Problems
Problems

  • Star cluster would need to be very massive: M ~ 106 Msun and very compact.

    • 3 orders of magnitude brighter than stars in ONC. Thus, the expected low-mass stars spiraling in cluster is ~1000 that of the ONC.

    • This does not match the observed diffuse X-ray emission.

  • The standard galactic IMF would predict hundreds to thousands of He I stars rather than the dozens observed.

    • Most of the stars would be peeled of in the central pc!


The capture and growth of old low mass stars
The Capture and Growth of ‘old ‘ low-mass stars

  • Artymowicz et al (1993) showed that star clusters close to quasars can be captured by the disk……Stars can then grow by accretion.

  • Good: disk does not need to be self gravitating to work provided:

    • There is enough stars

    • Stars are trapped quickly

  • Bad: we only have a few tens of stars and stars would not be born in just a few million years.

Nayakshin et al. (2005)


In situ
In Situ:

  • If the disk mass exceeds a “fraction of a percent or so” of the SMBH the tidal density limit can be overcome.

  • Stars can then be formed directly if radiative cooling is efficient enough.

  • Disk can become gravitationally unstable when gas mass is greater than 104 Msun.

Nayakshin et al (2005)


N body simulations
N-body Simulations

  • Nayakshin et al. (2005): guessed initial geometrical arrangement based on present day observed configuration and followed evolution for 3 Myr.

  • They find minimum mass 5 x 103 Msun . Thus, rings are close to being unstable.

  • The total mass of stars formed should be close to the original gas mass. The observed mass, through assuming a standard Salpeter (1955) IMF, is around 104 Msun……disk gravitationally unstable!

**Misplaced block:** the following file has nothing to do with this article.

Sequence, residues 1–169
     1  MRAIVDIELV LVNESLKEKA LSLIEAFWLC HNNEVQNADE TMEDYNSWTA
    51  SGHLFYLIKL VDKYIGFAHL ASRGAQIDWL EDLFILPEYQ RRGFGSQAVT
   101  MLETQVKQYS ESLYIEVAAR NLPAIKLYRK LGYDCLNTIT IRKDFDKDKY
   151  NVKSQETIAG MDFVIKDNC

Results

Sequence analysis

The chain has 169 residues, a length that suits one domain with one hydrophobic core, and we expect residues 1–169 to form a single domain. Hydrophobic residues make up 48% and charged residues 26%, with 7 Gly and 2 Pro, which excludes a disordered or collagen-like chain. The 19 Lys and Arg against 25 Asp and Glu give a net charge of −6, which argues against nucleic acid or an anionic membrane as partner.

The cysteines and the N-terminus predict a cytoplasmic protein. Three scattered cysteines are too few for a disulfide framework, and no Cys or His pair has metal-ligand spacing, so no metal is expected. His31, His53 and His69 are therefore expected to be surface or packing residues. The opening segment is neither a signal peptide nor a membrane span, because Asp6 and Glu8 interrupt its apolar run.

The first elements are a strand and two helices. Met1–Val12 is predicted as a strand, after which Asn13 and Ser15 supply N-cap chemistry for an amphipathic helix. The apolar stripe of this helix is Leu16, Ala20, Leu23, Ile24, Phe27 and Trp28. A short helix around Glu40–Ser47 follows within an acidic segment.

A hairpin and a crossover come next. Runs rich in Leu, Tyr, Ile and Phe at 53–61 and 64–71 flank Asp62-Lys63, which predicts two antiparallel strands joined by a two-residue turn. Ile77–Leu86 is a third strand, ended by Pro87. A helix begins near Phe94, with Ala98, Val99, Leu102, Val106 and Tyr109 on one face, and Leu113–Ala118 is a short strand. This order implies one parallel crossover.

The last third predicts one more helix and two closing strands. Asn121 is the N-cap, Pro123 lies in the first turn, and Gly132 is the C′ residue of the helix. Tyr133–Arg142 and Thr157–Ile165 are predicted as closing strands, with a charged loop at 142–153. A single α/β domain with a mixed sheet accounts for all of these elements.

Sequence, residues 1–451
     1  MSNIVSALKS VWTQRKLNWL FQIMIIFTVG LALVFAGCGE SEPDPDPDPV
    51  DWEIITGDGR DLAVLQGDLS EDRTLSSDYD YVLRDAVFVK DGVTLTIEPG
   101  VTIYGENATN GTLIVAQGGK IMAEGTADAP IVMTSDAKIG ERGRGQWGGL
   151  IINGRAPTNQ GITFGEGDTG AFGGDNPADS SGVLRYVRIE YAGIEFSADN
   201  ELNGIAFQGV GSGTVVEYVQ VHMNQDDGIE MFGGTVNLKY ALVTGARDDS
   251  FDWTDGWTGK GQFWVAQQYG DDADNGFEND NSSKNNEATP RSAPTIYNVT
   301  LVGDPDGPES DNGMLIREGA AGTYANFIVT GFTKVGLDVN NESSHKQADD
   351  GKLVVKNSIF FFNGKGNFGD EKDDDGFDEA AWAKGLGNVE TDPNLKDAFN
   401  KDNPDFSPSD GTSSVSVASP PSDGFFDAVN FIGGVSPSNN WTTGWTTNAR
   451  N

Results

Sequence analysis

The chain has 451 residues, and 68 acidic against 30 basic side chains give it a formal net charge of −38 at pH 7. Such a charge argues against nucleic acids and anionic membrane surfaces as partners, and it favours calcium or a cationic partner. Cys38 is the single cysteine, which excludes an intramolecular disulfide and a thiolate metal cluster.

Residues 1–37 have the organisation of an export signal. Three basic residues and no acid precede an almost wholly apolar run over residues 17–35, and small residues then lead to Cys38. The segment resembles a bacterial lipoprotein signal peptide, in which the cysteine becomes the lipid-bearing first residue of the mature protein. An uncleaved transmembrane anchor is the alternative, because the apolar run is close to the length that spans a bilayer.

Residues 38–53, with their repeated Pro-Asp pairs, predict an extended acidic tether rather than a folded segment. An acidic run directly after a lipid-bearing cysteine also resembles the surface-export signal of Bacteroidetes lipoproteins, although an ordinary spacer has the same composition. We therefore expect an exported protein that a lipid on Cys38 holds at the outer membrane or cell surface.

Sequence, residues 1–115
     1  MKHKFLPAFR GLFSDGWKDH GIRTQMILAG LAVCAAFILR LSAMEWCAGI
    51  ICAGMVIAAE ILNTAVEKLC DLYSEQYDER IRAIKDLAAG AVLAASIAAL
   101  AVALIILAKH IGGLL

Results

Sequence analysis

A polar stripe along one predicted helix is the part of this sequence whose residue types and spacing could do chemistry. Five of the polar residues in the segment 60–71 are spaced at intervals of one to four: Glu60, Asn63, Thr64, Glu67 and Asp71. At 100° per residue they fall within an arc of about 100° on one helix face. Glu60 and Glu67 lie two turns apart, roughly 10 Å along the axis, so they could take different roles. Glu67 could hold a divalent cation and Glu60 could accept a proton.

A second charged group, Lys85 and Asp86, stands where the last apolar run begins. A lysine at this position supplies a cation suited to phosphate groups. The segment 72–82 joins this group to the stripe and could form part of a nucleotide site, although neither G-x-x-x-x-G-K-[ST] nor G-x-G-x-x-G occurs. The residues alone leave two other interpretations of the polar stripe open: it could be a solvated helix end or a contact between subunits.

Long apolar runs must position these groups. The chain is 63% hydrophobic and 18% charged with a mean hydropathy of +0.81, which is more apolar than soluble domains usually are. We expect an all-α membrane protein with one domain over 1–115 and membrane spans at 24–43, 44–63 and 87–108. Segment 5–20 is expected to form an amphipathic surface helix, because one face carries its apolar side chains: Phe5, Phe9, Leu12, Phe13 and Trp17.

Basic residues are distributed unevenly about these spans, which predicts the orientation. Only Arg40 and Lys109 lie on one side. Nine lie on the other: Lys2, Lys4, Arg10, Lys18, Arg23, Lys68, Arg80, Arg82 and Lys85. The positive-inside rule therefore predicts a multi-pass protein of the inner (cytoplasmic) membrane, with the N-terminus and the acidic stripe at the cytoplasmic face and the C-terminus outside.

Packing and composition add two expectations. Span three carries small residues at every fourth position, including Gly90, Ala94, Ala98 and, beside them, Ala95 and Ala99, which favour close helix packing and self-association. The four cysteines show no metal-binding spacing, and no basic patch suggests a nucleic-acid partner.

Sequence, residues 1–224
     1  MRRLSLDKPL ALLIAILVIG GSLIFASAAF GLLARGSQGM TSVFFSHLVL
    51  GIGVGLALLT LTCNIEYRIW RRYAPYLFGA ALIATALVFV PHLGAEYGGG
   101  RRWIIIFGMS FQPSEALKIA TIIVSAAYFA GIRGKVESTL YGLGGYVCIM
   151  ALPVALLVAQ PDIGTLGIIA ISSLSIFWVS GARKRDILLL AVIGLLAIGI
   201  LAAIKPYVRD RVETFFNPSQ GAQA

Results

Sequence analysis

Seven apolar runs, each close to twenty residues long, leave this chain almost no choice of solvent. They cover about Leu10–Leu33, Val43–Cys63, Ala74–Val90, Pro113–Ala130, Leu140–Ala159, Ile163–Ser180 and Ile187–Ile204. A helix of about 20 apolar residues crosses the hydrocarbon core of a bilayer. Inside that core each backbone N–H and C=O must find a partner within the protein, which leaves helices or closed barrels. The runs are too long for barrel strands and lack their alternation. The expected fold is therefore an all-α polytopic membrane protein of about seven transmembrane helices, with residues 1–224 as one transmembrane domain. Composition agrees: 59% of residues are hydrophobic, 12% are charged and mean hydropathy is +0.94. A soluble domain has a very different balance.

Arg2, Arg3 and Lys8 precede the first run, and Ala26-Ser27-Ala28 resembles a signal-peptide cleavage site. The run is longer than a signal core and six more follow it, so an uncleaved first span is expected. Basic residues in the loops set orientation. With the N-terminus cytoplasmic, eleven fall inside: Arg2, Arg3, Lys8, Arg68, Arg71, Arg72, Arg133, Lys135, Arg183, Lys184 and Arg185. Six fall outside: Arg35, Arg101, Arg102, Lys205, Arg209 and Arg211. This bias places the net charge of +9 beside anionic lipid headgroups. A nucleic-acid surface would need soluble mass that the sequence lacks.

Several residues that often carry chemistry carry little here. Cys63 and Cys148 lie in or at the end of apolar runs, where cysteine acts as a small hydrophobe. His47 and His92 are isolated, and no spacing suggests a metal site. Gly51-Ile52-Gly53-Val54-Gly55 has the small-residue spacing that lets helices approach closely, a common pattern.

Nayakshin et al (2005)


Comparisons with onc
Comparisons with ONC

  • ONC:

    • ~1400 low mass stars emit LON=1.2x 1033 erg s-1 in X-ray.

    • Use to compare to YSO X-ray emission in Sgr A*.

  • The larger clockwise disk is believed to be 20 time larger than all the massive stars in the ONC -> Lexp = 2.5 x 1034 ergs. But, Lobs=1.2 x 10 33 erg s-1.

  • Thus if stars are formed in situ, the galactic IMF needs to be abandoned.

Nayakshin et al. (2005)


Problems with the imf
Problems with the IMF

  • Observed X-ray emission is low for both infall and in situ senarios.

    • Infall: problem solved if IMF top heavy by allowing 99% cluster mass to be in massive stars…..Would over produce massive stars that are not seen.

    • In situ: only need to suppress low-mass by 10% or so.

      • Could indicate IMF is not universal….especially in extreme cases involving BHs.


S stars inner 0 5
S-Stars: inner 0.5”

  • Stars not co-aligned with two disks of massive young stars at 1”-10”.

  • First observations w/ SINFONI


  • 90 % of all K< 16 stars are eerily stars with spectral properties identical to normal, main-sequence B0-B9 stars.

  • The orientations of the stellar orbits appear to be random.

    • Given their normal properties, they must have formed or been built in their present location.

  • Most recent distance to GC is from S2 orbit: R = 7.62 +/- 0.32 kpc.

  • Genzel et al (2003) and Ghez et al. (2004) first reported detections of variable IR emission.

    • Probably due hot or relativistic gas near the event horizon.


References
References properties identical to normal, main-sequence B0-B9 stars.

  • Einsenhauer et al. (2005), ApJ, 628:246

  • Genzel et al. (2003), ApJ, 394:812

  • Lu et al. (2005), ApJ, 625:L51

  • Nayakshin et al. (2005), Mon. Not. R. Astron. Soc., 364: L23

  • Nayakshin et al. (2005), A&A, 437:437

  • Nayakshin et al. (2006), Mon. Not. R. Astron. Soc., 10.1111/j.1365-2966.2005.09906.x .